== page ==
Shane Oliver: How to play a faltering bull market

The spectacular slump we’ve seen in the ASX Small Ords and the NASDAQ 100 – down more than 7% and 15% – suggests the fever dream of the last two years might be over. In this wire, Shane Oliver explains how to prepare for rampant inflation, geopolitical upheaval and a protracted pandemic.
Angus Kennedy

Livewire Markets

Nothing says we are in a bull market like investing in growth stocks and indexes. But with the ASX Small Ordinaries and NASDAQ 100 down 7.32% and 15.31%, it looks like the post-March 2020 fever dream for markets is officially over. Preparing for what the future holds is imperative as we enter a market with rampant inflation, emerging conflict and ongoing concern about COVID-19. 

With the Reserve Bank of Australia set to lift interest rates for the first time in over a decade, many investors are facing an unfamiliar outlook for markets. Accordingly, in order to understand what the global economy will look like and the key actions investors need to consider, I spoke with Shane Oliver, head of investment strategy and chief economist at AMP Capital.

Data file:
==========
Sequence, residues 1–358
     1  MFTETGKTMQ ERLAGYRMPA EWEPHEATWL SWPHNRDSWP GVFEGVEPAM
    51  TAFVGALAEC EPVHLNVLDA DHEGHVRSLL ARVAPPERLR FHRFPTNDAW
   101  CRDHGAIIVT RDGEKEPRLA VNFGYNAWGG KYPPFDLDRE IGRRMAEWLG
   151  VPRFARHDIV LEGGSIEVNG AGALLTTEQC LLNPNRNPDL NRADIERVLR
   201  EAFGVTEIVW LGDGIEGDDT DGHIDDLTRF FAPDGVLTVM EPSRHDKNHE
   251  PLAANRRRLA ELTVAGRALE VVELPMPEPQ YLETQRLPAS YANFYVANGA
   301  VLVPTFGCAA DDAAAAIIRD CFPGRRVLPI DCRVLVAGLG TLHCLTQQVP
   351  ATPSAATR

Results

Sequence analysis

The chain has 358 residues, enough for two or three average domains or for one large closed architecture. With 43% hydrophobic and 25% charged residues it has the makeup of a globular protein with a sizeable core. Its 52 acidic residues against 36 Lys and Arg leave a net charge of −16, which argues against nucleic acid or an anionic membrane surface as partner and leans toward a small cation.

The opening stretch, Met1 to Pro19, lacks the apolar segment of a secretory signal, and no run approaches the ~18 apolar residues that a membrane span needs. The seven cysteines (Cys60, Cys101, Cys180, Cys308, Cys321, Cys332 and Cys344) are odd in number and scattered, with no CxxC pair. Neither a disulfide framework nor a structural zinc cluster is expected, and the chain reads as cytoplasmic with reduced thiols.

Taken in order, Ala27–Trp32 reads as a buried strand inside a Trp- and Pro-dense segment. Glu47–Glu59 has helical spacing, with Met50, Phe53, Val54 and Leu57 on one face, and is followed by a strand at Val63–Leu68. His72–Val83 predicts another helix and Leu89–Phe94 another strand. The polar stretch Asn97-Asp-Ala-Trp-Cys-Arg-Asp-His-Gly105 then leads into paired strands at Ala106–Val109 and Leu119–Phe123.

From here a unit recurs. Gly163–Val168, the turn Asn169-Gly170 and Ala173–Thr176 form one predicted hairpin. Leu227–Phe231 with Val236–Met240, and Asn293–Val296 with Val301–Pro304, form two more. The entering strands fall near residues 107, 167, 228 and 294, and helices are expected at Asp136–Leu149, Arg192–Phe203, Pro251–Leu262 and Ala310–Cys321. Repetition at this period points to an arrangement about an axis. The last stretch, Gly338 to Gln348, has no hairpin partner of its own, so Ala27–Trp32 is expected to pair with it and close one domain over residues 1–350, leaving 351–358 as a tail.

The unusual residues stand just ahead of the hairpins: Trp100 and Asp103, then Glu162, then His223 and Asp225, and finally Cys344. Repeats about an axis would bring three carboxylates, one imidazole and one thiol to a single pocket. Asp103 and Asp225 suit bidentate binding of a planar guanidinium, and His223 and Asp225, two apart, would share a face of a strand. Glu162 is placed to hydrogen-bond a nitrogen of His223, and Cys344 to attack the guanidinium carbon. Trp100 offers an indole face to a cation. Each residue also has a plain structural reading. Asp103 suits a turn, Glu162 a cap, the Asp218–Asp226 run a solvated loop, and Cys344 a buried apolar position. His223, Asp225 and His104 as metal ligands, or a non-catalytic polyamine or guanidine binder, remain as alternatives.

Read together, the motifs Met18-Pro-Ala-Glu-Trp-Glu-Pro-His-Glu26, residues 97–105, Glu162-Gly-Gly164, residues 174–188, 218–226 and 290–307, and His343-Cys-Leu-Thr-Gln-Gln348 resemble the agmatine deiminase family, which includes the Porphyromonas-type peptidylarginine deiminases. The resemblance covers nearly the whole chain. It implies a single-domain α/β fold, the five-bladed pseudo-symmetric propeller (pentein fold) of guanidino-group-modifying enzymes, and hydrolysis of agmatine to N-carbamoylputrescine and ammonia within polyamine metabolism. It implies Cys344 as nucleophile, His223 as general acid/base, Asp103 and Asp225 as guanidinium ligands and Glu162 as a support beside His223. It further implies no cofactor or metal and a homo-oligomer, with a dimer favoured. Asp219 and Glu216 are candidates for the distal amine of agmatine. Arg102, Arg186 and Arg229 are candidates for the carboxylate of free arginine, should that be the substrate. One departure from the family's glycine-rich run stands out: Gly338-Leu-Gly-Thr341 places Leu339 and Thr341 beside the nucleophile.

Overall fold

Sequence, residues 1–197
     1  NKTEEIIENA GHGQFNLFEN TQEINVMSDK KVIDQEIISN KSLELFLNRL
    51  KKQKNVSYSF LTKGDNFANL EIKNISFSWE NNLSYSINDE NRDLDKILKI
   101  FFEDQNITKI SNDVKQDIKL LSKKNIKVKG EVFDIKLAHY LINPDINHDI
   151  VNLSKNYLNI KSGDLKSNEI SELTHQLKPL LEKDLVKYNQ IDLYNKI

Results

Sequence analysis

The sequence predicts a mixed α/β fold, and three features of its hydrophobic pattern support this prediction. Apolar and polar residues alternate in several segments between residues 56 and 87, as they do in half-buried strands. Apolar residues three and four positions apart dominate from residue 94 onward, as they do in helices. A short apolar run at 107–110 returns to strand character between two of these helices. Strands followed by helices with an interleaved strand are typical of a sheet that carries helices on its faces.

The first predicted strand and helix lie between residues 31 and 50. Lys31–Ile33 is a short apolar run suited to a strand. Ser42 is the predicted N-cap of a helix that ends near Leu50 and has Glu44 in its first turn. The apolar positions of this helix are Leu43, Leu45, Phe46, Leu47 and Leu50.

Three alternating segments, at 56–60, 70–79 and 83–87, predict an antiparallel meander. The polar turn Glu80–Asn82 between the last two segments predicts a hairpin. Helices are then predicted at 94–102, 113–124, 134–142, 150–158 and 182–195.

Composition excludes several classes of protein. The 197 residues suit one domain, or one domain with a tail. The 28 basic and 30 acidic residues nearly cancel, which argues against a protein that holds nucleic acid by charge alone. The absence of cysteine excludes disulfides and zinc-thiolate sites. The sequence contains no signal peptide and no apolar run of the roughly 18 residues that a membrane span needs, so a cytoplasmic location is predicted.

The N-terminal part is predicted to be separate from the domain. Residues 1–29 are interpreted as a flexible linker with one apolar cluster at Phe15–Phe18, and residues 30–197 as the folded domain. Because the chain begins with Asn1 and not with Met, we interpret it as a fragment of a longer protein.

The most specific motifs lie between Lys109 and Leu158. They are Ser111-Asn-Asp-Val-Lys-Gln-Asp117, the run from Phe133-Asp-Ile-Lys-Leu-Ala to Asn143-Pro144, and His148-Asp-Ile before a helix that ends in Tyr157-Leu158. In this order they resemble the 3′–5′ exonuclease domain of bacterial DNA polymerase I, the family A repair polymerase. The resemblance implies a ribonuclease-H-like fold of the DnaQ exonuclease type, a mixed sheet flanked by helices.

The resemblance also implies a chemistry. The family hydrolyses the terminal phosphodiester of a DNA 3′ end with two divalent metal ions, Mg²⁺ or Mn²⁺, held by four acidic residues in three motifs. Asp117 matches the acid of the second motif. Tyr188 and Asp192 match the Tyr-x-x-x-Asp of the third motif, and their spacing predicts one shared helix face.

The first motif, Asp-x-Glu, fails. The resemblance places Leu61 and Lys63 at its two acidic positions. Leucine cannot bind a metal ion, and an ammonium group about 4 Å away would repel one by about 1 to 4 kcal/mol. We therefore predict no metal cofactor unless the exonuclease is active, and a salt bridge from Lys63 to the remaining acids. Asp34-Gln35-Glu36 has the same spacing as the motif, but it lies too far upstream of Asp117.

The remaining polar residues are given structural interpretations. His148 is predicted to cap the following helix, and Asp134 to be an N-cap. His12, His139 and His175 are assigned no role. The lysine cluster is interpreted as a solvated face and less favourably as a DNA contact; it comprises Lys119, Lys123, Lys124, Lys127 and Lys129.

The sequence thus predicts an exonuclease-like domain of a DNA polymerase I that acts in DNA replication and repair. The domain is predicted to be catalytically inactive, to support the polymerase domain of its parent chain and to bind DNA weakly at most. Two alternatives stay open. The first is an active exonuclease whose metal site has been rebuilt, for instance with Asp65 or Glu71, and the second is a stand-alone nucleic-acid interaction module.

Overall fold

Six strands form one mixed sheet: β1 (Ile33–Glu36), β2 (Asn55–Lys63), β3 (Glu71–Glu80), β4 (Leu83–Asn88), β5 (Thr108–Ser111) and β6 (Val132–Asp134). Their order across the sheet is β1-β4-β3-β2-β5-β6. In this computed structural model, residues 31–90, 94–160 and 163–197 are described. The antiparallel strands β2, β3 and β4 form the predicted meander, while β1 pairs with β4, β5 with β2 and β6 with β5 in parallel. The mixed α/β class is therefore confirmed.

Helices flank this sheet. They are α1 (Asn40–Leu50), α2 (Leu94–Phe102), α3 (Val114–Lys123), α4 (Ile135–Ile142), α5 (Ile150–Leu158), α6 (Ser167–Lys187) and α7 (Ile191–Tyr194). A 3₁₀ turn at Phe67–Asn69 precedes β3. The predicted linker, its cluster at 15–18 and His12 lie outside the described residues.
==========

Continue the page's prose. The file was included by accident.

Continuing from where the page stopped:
You could argue that the index returns we've had for the last 20-30 years has been very much underpinned by low inflation, sensible economic policymaking and globalisation. The environment investors have enjoyed has actually been a very favourable one. This has significantly benefited index investing and growth stocks... We may have entered an environment where that becomes a little bit more difficult. The love affair that investors have had with growth and tech stocks, as well as ETFs might start to fade a little bit if we come into a constrained environment.

In this wire, Shane shares his outlook for Australia and the world, then discusses what investors need to know as we enter unfamiliar market conditions. Key topics include: 

  • The macroeconomic environment both domestically and abroad
  • The data points his team are paying close attention to
  • What the environment will mean for different asset classes
  • How investors should be thinking about asset allocation
  • Crucial lessons from history
  • What investors must know when investing for the long term.
Shane Oliver
Head of Investment Strategy and Chief Economist
AMP Capital

In the first part of this collection, we asked Alexandre Ventelon from Morgan Stanley Wealth Management for his views on where to invest in 2023 and beyond:

Morgan Stanley’s playbook for investing in 2023 and beyond

What are the main topics for investors going into 2023 and beyond?

Some of the topics we are talking about now will probably continue: I have no doubt that inflation will remain an issue for some time to come. It may wax and wane a bit - we've seen a big surge lately, because of the supply constraints. The constraints will eventually come under control which may see inflation decline, but we've probably also entered an era of higher inflation than we were used to prior to the pandemic. I suspect that higher inflation will be with us for some time. This will mean higher interest rates.